When he lived at 55 Irving Place, O. Henry believed, like so many others, that Washington Irving once resided down the street. Irving was more of a downtown guy, and he probably never lived along in here, but that didn't stop a 19th-century real estate man, the same guy who developed Gramercy Park to the north and gave this area its new Irving name, from making the whole thing up. The rumor was that Irving lived specifically at 49 Irving Place, a corner house occupied during O. Henry's time by Elsie de Wolfe, the first important professional interior designer, and her companion, Elisabeth Marbury. Elsie was known for her salons, and so having people over all the time to talk about ideas is a good place to spread rumors.
It's nice, however, that there's this connection between O. Henry and Washington Irving. These two writers, along with Clement Clarke Moore, helped shaped the way Christmas is understood in the popular American imagination.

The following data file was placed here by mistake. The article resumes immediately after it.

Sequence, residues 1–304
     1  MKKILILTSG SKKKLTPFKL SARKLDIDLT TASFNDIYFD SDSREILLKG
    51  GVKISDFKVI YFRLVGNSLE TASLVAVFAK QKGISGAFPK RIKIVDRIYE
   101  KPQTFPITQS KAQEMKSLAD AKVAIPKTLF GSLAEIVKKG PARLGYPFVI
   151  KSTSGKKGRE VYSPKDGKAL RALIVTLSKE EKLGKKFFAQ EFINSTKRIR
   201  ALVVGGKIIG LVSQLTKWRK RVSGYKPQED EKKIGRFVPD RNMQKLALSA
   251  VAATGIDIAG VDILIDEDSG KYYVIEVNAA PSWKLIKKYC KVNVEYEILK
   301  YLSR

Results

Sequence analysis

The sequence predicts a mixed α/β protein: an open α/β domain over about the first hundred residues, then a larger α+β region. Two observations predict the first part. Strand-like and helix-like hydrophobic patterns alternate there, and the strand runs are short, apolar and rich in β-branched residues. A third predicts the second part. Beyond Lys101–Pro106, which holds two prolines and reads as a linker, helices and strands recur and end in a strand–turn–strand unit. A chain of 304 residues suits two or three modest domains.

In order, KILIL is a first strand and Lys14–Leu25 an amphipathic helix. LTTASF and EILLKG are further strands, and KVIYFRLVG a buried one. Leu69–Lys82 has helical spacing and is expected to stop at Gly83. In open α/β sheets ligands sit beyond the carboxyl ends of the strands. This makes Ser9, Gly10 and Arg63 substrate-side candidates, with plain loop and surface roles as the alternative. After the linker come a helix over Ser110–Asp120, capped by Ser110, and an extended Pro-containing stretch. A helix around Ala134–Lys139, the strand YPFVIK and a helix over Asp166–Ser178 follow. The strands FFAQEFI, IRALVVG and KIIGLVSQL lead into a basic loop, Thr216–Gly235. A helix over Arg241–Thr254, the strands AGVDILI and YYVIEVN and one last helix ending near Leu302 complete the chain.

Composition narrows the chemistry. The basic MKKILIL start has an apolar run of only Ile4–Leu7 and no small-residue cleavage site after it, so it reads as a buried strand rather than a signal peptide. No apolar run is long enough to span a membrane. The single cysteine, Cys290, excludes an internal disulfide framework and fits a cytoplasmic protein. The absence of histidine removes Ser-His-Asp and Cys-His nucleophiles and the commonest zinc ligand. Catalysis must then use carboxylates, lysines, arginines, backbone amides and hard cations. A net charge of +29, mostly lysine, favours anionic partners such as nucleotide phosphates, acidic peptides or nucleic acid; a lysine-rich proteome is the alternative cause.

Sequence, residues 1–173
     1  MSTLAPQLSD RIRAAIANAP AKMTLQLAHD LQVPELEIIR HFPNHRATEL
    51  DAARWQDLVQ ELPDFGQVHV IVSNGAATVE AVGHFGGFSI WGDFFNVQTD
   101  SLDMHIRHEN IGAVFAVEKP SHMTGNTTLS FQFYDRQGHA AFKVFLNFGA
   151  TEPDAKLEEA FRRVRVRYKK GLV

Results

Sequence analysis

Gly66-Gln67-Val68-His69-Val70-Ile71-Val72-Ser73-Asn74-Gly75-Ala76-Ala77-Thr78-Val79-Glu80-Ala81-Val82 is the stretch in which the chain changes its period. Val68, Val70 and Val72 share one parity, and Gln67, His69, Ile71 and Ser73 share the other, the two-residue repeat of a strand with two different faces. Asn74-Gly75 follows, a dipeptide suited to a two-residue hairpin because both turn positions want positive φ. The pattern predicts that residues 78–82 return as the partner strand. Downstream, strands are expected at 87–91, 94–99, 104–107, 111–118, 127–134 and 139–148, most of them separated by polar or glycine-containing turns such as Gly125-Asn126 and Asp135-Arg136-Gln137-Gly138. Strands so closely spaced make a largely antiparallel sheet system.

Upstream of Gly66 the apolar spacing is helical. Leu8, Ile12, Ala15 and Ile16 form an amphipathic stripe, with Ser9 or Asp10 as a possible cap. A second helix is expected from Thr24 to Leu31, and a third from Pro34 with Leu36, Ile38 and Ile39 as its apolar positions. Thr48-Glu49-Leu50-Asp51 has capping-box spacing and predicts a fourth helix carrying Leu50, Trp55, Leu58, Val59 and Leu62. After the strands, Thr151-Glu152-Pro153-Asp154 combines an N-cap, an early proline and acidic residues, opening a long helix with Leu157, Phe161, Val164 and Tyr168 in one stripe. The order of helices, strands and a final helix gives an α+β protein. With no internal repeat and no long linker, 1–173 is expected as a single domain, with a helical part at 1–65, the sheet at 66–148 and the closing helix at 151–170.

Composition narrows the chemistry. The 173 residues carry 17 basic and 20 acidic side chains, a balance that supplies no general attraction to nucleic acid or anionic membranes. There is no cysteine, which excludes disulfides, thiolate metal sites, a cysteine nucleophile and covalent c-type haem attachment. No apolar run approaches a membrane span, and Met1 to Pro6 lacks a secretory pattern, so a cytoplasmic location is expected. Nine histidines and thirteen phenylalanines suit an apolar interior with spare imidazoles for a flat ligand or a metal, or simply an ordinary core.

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Never mind them right now, because Irving Place is well worth exploring today. In its totality, it may come off as more shabby genteel than Gramercy Park to the north, but it's perfect for writers looking for a haunt. On my walk I happened into the warm coziness of 71 Irving Place Coffee and Tea Bar, and I felt right at home surrounded by the customers crowded around the small café tables with their books and laptops. Overall, Irving Place is an excellent destination for dining, with varied choices along the block. Out-of-towners with Edith Wharton-type money and looking for a place to stay in this charming section of the city may want look at Inn at Irving Place. It's genteel, but I wouldn't call it shabby at all.
By all means, in the spirit of O. Henry, raise a toast at Pete's Tavern.
We've now reached the end of this special Christmas-themed walk, one that began in Chelsea at Clement Clarke Moore Park, proceeded along 16th Street from west to east and ended here on Irving Place. Perhaps on a pleasant snowy December day, we may pass one another there.
Cheers! Happy holidays!